The BSc (Hons) in Mathematics will teach you to understand complex patterns and structures, and develop the tools with which to analyse them. Whether these patterns relate to physical or biological phenomena or the structure of mathematics itself, the primary aim is to describe, categorise, and understand the processes involved.
Students of Mathematics will acquire the analytical techniques, clear logical thinking and deductive reasoning necessary to explore some of these fascinating areas of research.
Mathematics is studied up to Honours level in both the Faculty of Science (BSc) and the Faculty of Arts (MA). Students who have a background in the sciences or who wish to study Mathematics alongside science subjects at St Andrews should apply for the BSc. For those interested in studying Mathematics alongside Arts subjects, the MA in Mathematics may be of interest instead.
Students interested in the BSc degree may also be interested in the Integrated Masters courses in Mathematics, Pure Mathematics or Applied Mathematics, which allow you to graduate with a Master in Mathematics.
Information about all programmes from previous years of entry can be found in the archive.
These grades are the overall standards required to consider you for entry. Find out more about Standard, Minimum and Gateway entry requirements using academic entry explained and see which entry requirements you need to look at using the entry requirements indicator.
Standard entry grades: AAAAB, including A in Mathematics
Minimum entry grades: AABB, including A in Mathematics
Standard entry grades: A*A*A, including A* in Mathematics
Minimum entry grades: A*AB, including A* in Mathematics
Standard entry grades: 38 (HL 6,6,6), including HL6 in Mathematics
Minimum entry grades: 36 (HL 6,5,5), including HL6 in Mathematics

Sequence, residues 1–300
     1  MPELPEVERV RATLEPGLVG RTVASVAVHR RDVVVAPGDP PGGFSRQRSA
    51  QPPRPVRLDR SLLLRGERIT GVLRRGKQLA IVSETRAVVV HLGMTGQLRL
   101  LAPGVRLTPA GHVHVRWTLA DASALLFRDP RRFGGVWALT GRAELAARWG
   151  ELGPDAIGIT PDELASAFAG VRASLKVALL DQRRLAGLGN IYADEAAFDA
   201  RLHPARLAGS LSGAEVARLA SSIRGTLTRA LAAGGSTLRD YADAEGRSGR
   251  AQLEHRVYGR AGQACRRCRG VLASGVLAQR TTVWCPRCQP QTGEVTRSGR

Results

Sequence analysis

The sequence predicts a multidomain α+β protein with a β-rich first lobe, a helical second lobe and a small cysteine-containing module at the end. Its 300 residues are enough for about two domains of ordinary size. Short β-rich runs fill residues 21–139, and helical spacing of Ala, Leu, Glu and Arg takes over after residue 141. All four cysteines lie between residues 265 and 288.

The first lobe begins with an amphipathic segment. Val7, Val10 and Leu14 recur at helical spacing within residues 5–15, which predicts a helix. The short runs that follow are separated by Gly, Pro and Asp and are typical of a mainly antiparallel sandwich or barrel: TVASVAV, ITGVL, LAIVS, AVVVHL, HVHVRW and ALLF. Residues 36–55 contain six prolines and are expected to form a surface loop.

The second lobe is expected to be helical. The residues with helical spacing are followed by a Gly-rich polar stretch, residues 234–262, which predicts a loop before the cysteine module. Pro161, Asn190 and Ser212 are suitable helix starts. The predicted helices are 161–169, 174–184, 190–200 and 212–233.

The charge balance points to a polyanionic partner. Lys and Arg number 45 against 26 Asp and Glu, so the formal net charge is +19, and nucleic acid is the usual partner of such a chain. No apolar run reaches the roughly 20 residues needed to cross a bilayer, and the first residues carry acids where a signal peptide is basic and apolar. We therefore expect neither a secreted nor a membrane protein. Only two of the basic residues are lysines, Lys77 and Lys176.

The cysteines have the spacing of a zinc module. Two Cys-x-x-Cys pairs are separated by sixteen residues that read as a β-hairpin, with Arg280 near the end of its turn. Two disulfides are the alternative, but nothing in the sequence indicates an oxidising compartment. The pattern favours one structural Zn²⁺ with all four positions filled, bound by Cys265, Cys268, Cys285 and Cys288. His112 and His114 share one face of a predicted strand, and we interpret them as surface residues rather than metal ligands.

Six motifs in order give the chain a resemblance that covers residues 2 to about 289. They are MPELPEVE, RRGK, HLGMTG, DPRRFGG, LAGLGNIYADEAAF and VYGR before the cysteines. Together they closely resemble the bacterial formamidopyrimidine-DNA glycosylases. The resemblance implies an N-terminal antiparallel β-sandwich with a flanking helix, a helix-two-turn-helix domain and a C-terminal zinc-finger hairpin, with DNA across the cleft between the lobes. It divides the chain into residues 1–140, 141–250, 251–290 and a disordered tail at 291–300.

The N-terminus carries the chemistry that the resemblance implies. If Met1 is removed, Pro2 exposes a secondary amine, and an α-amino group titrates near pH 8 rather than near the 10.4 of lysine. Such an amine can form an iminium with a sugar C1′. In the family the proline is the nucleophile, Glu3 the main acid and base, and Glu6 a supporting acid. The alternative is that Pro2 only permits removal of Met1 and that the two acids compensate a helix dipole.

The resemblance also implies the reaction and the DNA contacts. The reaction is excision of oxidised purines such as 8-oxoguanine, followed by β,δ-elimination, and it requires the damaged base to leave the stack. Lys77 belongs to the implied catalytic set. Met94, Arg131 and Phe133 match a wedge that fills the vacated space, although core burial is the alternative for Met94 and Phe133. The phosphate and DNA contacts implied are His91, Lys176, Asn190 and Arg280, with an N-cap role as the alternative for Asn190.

We accept a wide range of qualifications for entry on to our programmes, please see our entry requirements for more information.
For degrees combining more than one subject, the subject with the higher entry requirements determines the grades you need. You will also need to meet any further subject-specific entrance requirements as outlined on their pages.
Direct entry to second year
For the BSc degree, well-qualified school leavers may be able to apply for admission directly into the second year. Find out more about direct entry to second year for Mathematics BSc.
If English is not your first language you will need an overall IELTS score of 6.5, with a minimum score of 6.0 in each component (Reading, Writing, Listening and Speaking), or an equivalent English Language qualification.
St Andrews students must meet with their Adviser of Studies at the beginning of Semester 1 in September to complete advising – a compulsory part of the matriculation process. After module choices have been decided, a timetable will be allocated indicating the dates and times of classes.
The School is ranked as second in Scotland for research, with more than 91% of the research output by staff in the School rated as internationally excellent or world-leading in the recent Research Excellence Framework 2014.
The University of St Andrews as a whole was voted top in the UK for student academic experience in The National Student Survey 2019 as 95% of St Andrews final year students were satisfied with the quality of the learning and teaching experience.
The University has secured a TEF Gold Award for the quality of teaching and the undergraduate experience.
The BSc (Hons) in Mathematics is a four-year course run by the School of Mathematics and Statistics. The School also offers an MA in Mathematics, which may be more suitable for students who wish to take Mathematics alongside Arts subjects. The Mathematics element within both the BSc and MA degree programmes are exactly the same.
In the first two years, you will develop and reinforce your basic mathematical skills and refresh familiar material (e.g. complex numbers, matrices, vectors, differential equations) in preparation for more specialist study at Honours level.
Alongside Mathematics, in the first year of your studies you will be required to study up to two additional subjects. In the second year, you may choose to study Mathematics, or can carry on at least one of these subjects, sometimes two. Find out more about how academic years are organised.
At Honours level, students may select modules from a range of options on advanced and specialist specific topics. Specialist subject areas may include:
history of mathematics
Final year students must also complete a project on a topic chosen in consultation with teaching staff at the School of Mathematics and Statistics.
The University of St Andrews operates on a flexible modular degree system by which degrees are obtained through the accumulation of credits. More information on the structure of the modules system can be found on the flexible degree structure webpage.
Find out more about studying Mathematics at St Andrews.